Atomic Red Team

Atomic Red Team

Continuing my research into ATT&CK, I came across a neat looking tool that can help any security team simulate adversaries. "Atomic Red Team allows every security team to test their controls by executing simple "atomic tests" that exercise the same techniques used by adversaries (all mapped to Mitre's ATT&CK)." So in short, its a package of small, easy to use "attacks." This creates a quick way to test security controls as well as find gaps. Being able to map them back to ATT&CK allows teams to understand what adversaries are up to. As I mentioned in this post, you may want to prioritize controls that line up with the adversaries in your field.

Let's talk about how to utilize Atomic Red Team. To start, I want to make a note that I'll be running these tests against Windows Defender on Windows 10. There are obviously several other controls that would be factored into an enterprise security team. The first step I took was to disable the Real-Time Protection. I took this step simply to allow me to place the entire tool set on to the target machine.

We will want to visit the Github page for the project and get the tests on to our target machine. I chose to simply download the zip file. Unzipping on our desktop and navigating to the "atomics" directory, we can see that they are all nicely organized to the ATT&CK technique. Not all of these will apply to our Windows target, but it is nice to see just how many tests are available.

One really neat way of performing the tests is through an execution framework. I'll be using this as a way to demonstrate the tool. Invoke-AtomicRedTeam is available to us as a PowerShell execution framework.

Open up a PowerShell terminal and navigate to the above directory. I first had to edit PowerShell's execution policy (You can read more about that in this post).

This will allow me to run the scripts. The next step is to run Install-Module -Name powershell-yaml and then Import-Module .\Invoke-AtomicRedTeam.psm1 .

Since we're on a lab machine... we might as well go ahead and run all the things! Simply execute Invoke-AllAtomicTests , set the path and tell it to get started.

This of course is the sloppy and lazy way to do things, so instead we can execute a specific test by taking a few steps:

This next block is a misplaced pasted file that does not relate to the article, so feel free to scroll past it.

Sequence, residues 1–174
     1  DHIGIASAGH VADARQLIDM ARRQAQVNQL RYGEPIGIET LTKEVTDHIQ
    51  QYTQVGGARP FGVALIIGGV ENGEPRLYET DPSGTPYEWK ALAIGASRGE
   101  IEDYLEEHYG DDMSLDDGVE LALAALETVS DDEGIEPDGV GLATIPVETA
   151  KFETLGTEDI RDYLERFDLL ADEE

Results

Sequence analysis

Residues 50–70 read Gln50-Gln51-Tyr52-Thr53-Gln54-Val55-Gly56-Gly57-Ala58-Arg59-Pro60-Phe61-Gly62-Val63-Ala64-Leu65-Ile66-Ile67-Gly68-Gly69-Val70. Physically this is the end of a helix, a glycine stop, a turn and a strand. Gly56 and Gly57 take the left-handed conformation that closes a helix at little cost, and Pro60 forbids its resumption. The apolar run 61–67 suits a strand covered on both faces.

• Find a test you want to run. For example, lets run "T1207 DCShadow"
  • Set up a variable to hold the test we want to perform: $T1207 = Get-AtomicTechnique -Path \path\to\atomics\T1207\T1207.yaml.
  • Then run Invoke-AtomicTest $T1207.

Looks like it ran without issue. Of course, we still have Defender disabled. So let's turn it back on.

The moment we turn Defender back on:

Of course, in this case that's a good thing. We are testing the strength of our controls after all. This means Defender "ate" several tests without even having to run them.

Now we will re-run the same tests with Defender on. Again, since its a lab machine we'll run all the tests just to speed up the process. In reality, I really recommend just selecting a single test. Or better yet, set up a lab of your own to test against.

As each test runs, we will see a snippet of info on what test is being performed:

We will also see the errors:

Looks like something worked as the calculator popped up.

Some of the tests even speak to why the test is being run:

Looking in Defender, we can see that a few tests have been flagged:

We can also scroll back through the PowerShell history to see the various errors. Once again, it really works out better when you run specific tests and can view the results of the tests that could be a risk for your environment.

Hopefully the above gives you an idea of how to utilize this tool if you are in a situation where no Red Team is available or if you simply want to quickly test a new control.

Thanks for reading!

Ryan Smith

About Ryan Smith

Ryan Smith is an information security professional specializing in penetration testing. He has years of experience both as an in-house pen tester and as a consultant.